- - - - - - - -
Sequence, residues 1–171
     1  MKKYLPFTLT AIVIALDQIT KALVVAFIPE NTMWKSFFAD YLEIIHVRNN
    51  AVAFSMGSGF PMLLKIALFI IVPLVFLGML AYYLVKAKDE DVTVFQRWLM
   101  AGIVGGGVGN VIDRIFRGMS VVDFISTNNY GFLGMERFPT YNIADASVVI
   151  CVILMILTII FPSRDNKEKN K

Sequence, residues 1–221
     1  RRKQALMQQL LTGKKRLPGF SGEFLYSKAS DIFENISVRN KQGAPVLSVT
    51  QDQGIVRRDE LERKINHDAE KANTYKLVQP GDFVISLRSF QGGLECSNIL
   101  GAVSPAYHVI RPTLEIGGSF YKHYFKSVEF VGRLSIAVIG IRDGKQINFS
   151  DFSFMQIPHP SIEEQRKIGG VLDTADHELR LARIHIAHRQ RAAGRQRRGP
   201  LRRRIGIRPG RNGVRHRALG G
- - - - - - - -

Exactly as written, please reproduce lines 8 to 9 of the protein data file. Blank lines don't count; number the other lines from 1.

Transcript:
    51  QDQGIVRRDE LERKINHDAE KANTYKLVQP GDFVISLRSF QGGLECSNIL
   101  GAVSPAYHVI RPTLEIGGSF YKHYFKSVEF VGRLSIAVIG IRDGKQINFS